36 More about Waves in the Westerlies Aloft Shorter waves move eastward faster than the longer Rossby waves. Waves of different length can add and subtract to/from one another’s amplitude. Forecasting waves in the westerlies aloft is vital for everyday weather forecasting. El Niño/La Niña affect the westerlies aloft.

37 Figure 18: Short waves

38 The Poleward Transport of Energy The poleward transport of energy is a feature of the conceptual model Without this transport of energy the poles would be much colder and the tropics much warmer Poleward energy transport is accomplished by both the atmosphere and the oceans The region of maximum energy transport lies between latitudes 30° and 60°

39 Figure 19: Heat transport by atmosphere and ocean

40 Seasonal Shifts and Monsoons The ITCZ, the subtropical highs, and the polar front all shift southward in NH winter and northward in NH summer. Seasonal shifts are most intense over Asia, which has the largest continental air mass. The summer monsoon is wet, with low pressure over land; the winter monsoon is dry, with high pressure over land.

41 Figure 20: Location of ITCZ in January and July

42 More Seasonal Shifts The polar jet stream is displaced further poleward in summer than in winter During summer the positions of the subtropical highs shift poleward The polar jet stream is weaker in summer The subtropical jet stream is weaker in summer Lows associated with the ITCZ shift seasonally as do the lows associated with the polar front

43 Thermal Lows Lows associated with deserts are called heat lows or thermal lows They develop because of intense surface heating They develop at about the same latitude as the subtropical highs They occur in the southwest U.S. in summer, and the vicinity of Iraq

44 Monsoons Monsoons are weather features driven by seasonal differences in the heating of land and ocean along with seasonal shifts in global-scale circulations. –Monsoons are not present in the three-cell model –Indian summer monsoon has cooler air over water, heated air over land, upslope onshore wind and generation of clouds and precipitation— wet season –Indian summer monsoon has return flow aloft from land to water and sinking air over the Arabian Sea and the Bay of Bengal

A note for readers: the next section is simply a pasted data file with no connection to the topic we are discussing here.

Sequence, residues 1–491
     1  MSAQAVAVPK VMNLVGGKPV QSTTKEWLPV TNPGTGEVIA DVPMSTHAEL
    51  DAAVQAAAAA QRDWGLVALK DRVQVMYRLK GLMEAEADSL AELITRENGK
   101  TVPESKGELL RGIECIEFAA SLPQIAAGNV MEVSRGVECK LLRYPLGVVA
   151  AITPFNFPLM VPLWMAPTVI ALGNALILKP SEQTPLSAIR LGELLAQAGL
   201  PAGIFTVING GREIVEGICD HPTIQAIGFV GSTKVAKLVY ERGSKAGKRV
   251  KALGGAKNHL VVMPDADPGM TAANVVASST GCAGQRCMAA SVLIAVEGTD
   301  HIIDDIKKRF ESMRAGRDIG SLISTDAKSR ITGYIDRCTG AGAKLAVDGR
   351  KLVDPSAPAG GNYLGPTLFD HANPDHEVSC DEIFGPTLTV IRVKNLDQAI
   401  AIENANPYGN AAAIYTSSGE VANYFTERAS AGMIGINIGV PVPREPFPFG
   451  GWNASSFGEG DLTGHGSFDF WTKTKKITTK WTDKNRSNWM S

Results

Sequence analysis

45 Figure 21: Summer Indian monsoon circulation schematic.

46 Figure 22: Monsoon winds in summer and winter.

47 The Winter Monsoon During autumn and winter, air above land cools faster than over the water, establishing a PGF from land to water. The winds are reversed from the summer monsoon flow—at the surface from land to sea Sinking air above the land suppresses cloud development and precipitation. Winter monsoon is a dry season

48 Unsolved Problems for Research What determines the location of the ITCZ? –The ITCZ has been moving northward at a rate of about 1.4 km per year. What controls the poleward extent of the Hadley cell? What causes the summertime subtropical highs in the Northern Hemisphere? –Why is it that the subtropical highs of the Northern Hemisphere are strongest when the sinking branch of the Hadley cell is at its weakest? What controls the locations of the jet streams?

49 Figure 23: Computer simulations of the location of the polar and subtropical jet streams for varying amounts of tropical convection. Modified from S. Lee and H.-K. Kim, J. Atmos. Sci. 60 [2003]: 1490–1503.

50 Figure B02: Air over a mountain